This is where industry leaders including the NNPC Group Managing Director (GMD), Mr Mele Kolo Kyari, complementing the Minister of State for Petroleum, Mr. Timipre Sylva, should leave no stone unturned to wrestle the nation from the vice-grip of the few but powerful anti-Nigeria hawks.
They must summon the courage to protect the interests of over 200 million Nigerians and generations yet unborn. There is no better time than now to re-write Nigeria’s post-independence chequered history by solving the riddle of a leading oil-producing country like Nigeria that is still ranks as a leading oil-importing nations. Kyari could not have put it any better when he said last year:
‘’We couldn’t fix our refineries and that’s very difficult to explain. Why can’t we fix our refineries? For all 20 years, attempts to fix the refineries failed for very simple reasons, there’s a strategy problem’’.
This strategy tallies with the refinery rehabilitation option which a few vested interests are out to frustrate. Nigerians want Team Kyari, as a national mandate, to drive this strategy to a logical conclusion, pulling the refineries back on stream and to their nameplate capacities using the Operate & Maintain (O&M) model for all the sleeping refining giants to achieve, at least 90 per cent of total installed production capacity by 2023.
This project, unlike past models, holds immense benefit because independent external stakeholders like Ministry of Finance, NEITI, ICRC, PENGASSAN and NUPENG are actively involved, synergizing with KBR and NETCO as NNPC’s Engineers, to ensure right quality, excellent delivery and within budget to maintain plant integrity for at least ten years.
With $1.5 billion, there will be complete overhaul and replacement of major critical equipment to guarantee plant integrity and maintenance for at least ten years after the initial price was diligently negotiated down from $2.5 billion.
Available global data shows that building Aramco Oil Refinery (250,000-300,000 bpd) in Pakistan was estimated at $10bn, Abrue Lima Project (230,000) in Brazil at $12 bin, Pengerang Refinery and Petrochemical Integrated Development, RAPID (300,000 b/d + 3 mtpa) naptha steam cracker) in Indonesia at $27bn and the 650,000bpd capacity Dangote Refinery in Nigeria at US$19 billion.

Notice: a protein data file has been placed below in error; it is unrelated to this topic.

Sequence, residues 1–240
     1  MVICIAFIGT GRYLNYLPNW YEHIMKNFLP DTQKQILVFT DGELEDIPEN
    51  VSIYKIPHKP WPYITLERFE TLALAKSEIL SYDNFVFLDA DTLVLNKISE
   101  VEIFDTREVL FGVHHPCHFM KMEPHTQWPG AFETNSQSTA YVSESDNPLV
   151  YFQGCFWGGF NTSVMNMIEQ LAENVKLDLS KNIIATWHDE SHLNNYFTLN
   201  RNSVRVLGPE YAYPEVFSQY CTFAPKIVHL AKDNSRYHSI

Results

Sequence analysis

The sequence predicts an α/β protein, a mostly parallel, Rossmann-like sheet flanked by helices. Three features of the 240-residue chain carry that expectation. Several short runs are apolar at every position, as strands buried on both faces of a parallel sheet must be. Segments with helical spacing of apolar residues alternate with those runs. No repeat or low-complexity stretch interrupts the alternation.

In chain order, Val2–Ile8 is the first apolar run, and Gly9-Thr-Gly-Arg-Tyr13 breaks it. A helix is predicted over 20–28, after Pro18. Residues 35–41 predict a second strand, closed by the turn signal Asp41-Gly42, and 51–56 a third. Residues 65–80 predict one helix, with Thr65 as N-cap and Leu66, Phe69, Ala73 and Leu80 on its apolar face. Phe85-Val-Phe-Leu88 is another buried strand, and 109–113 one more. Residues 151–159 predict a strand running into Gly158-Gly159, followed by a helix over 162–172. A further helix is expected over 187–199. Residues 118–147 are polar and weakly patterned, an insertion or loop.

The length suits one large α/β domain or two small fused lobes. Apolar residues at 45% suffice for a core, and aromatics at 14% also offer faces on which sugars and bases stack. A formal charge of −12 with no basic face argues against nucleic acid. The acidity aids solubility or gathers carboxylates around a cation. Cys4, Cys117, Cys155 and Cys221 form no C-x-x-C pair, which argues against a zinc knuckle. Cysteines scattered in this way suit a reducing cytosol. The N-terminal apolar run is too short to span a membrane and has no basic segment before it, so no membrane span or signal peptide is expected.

Nigeria is a major oil and gas producer in the world that does not refine its abundant hydrocarbon resources but heavily imports most of its PMS needs. Popular thinking is that serious countries don’t sell off their strategic national assets such as refineries even to the highest bidder when countries that don’t produce a drop of hydrocarbon still want to own refineries. May God save Nigeria, our dear nation.

If COVID-19 lockdown became global and Nigeria couldn’t import, it would have been a disaster as there was no capacity to refine crude in-country and as such, there would have been no products at all.

‘’During rehabilitation, by the 18th month, part of this plant will begin to produce, particularly the gasoline plants. In rehabilitation, we normally don’t shut down the plant completely, we repair a segment of it, and then it starts working, and then, you move to the next segment.
‘’You continue to scale up and that is why, within the four-year period, the contractor would have completely left your premises. What it means in a technical sense is that in 18 months, we will see production coming from that plant; we will follow it plant by plant until we are completely done’’, Kyari disclosed.